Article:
On several occasions recently, friends and contacts of mine have asked a similar question: why is Hong Kong going through such dissatisfaction and gloom, when signs of our traditional "can-do" spirit are all around us?
One of them pointed out a whole range of examples from the sporting world, from this month alone. Tang Yik-chun, Lai Chun-ho, Ng Ka-fung and Tsui Chi-ho won the men's 4 x 100 metres relay at the 20th Asian track and field championships in Pune. Olympic medallist Sarah Lee Wai-sze  won two women's events at the International Track Series cycling competition in Adelaide. Snooker star Marco Fu Ka-chun won the Australian Goldfields Open in Bendigo.
In other fields, Hong Kong people have been beating the odds. Sixteen-year-old Jeremy Lin Chong-rang  hit the headlines when his film script Senior Project was accepted by Hollywood. Perhaps most impressive of all was the story of Tsang Tsz-kwan of Ying Wa Girls' College, who achieved outstanding results in Diploma of Secondary Education exams despite being blind and hearing-impaired and having to read Braille with her lips.
Most of us can probably think of other examples. That can-do spirit is one reason why Hong Kong recently came top in Asia and seventh in the world in the Global Innovation Index survey. It is why Hong Kong's creative influence appears so much around the world in fashion, computer games, architecture and fields such as industrial and automotive design. On a day-to-day basis, probably hundreds of thousands of people face personal or professional challenges and overcome them; this city wouldn't have its success and energy otherwise.
Yet we are bombarded with negative ideas. The people who make the most noise seem to give us the most reasons to be depressed and to lose confidence. They tell us Hong Kong has no future because the mainland is overtaking (or taking over) us. They claim we are doomed to have problems with housing, or pollution or poverty. Some of them say the city is finished unless it can adopt their own favourite, specific model of constitutional reform, and no other.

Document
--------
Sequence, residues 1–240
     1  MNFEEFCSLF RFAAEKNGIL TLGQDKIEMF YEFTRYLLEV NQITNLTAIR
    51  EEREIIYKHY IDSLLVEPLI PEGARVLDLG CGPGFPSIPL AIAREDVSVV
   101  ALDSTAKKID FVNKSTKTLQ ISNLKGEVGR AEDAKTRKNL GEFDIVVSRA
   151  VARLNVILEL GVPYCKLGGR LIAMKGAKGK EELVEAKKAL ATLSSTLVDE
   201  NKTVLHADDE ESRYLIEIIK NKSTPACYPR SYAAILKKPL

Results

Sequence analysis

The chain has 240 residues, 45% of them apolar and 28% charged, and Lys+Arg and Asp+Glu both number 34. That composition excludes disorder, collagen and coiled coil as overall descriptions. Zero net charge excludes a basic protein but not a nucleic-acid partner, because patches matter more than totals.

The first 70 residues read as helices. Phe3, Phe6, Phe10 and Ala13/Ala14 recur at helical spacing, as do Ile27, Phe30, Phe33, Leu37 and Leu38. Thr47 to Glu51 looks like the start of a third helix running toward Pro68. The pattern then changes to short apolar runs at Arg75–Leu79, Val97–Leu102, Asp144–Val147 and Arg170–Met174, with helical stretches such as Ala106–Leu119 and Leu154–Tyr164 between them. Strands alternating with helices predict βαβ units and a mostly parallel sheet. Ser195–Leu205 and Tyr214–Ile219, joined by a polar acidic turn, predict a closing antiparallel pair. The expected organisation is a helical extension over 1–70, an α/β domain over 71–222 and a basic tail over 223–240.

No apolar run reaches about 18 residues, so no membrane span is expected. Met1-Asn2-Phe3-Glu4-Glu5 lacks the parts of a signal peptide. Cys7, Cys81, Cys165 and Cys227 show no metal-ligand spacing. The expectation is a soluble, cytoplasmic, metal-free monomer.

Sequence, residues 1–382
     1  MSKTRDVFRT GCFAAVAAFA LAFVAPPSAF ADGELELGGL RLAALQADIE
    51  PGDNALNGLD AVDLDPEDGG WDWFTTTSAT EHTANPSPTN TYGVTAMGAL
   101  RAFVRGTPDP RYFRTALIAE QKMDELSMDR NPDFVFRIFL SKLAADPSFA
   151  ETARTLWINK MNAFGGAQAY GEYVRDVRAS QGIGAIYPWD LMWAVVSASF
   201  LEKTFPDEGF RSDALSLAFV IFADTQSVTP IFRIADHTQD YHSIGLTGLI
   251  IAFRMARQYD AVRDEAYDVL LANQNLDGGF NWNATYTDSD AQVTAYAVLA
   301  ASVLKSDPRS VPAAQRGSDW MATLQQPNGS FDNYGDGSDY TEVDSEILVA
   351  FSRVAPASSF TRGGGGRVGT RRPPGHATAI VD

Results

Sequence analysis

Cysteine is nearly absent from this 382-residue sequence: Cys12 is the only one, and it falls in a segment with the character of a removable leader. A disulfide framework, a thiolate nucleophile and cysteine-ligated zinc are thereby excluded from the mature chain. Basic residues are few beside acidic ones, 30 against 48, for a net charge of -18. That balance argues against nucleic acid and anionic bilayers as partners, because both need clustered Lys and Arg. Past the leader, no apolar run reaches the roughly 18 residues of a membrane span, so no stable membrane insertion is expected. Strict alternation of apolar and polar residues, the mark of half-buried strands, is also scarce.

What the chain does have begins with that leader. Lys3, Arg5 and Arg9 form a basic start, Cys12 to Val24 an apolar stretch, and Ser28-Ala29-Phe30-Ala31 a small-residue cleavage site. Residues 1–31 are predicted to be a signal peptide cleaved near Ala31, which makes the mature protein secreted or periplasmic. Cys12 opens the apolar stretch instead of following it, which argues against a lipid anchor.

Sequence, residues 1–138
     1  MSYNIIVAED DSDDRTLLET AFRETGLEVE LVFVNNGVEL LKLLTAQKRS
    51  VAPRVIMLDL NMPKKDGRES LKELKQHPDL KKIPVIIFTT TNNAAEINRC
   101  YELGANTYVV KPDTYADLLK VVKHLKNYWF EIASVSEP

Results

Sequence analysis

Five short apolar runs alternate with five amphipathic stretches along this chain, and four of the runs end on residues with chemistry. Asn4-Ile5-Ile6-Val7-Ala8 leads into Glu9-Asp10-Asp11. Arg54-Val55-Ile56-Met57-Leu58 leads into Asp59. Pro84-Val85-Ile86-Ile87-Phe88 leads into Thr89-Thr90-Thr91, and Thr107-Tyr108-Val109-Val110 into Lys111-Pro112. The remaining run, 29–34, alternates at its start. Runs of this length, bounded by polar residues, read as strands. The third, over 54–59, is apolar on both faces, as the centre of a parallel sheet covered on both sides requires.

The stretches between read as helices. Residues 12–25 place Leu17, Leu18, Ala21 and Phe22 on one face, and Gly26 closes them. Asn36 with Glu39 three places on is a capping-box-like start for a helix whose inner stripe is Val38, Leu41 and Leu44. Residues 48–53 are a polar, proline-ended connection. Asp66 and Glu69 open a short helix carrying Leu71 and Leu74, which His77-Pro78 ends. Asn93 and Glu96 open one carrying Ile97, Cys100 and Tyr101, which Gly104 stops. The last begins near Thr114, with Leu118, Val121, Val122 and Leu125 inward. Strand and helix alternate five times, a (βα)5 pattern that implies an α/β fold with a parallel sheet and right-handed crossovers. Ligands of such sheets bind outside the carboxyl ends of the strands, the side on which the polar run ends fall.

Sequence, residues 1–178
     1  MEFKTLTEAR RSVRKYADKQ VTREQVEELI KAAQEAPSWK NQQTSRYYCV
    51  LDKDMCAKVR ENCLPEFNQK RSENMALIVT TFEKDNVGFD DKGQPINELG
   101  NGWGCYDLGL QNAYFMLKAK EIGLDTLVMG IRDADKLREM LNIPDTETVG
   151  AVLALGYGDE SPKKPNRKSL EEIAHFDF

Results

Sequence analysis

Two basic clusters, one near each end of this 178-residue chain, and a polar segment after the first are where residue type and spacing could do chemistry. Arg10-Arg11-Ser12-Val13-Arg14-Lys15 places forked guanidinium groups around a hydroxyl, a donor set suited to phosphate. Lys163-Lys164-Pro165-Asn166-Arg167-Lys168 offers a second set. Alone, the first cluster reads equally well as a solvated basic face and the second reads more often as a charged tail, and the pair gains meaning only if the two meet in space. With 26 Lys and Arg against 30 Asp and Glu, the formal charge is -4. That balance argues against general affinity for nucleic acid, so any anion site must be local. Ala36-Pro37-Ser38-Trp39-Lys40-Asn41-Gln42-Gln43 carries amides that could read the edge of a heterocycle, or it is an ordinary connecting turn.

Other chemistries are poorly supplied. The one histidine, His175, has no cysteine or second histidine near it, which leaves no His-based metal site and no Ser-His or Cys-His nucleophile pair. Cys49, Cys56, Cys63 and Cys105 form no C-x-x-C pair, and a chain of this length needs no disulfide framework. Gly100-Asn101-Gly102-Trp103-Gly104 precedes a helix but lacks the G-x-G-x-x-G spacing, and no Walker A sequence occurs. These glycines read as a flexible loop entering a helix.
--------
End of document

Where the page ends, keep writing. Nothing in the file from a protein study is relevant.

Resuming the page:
I am aware that we face some serious problems, but I do not see the need for so much pessimism. The rapid development of the mainland means that the gap between Hong Kong and the rest of China is narrowing. But it is absurd to see that as a bad thing for us.
Obviously there are side-effects from things like the presence of so many mainland shoppers. But more people from the mainland are coming to Hong Kong because they believe their own can-do spirit will flourish here - which is how so many of our success stories started in the 1950s and 1960s. If talented young mainlanders have confidence in Hong Kong, why shouldn't the rest of us?
Our domestic problems are very real, and like many people I am not satisfied that we are doing all we can to address issues such as poverty, the environment and the need for affordable homes. Yet many serious activists are involved in these areas, clearly believing in their own ability to bring about change for the better. They too have a can-do spirit.
That, surely, is the key. We do face challenges, not least our existing political structure, which is a barrier to change. But the solution is to work on the assumption that we can overcome that and other barriers. Yes, it means give-and-take: it cannot be winner-takes-all. But we can do it.
Isn't that attitude behind the success of our athletes? Isn't such positive thinking behind the exam results Tsang achieved despite her handicaps? The chance for political reform is coming, and our ability to fix our other problems can only improve as a result. This is a time for the can-do spirit: it worked in the past, and still does all around us today.
Bernard Chan is a member of the Executive Council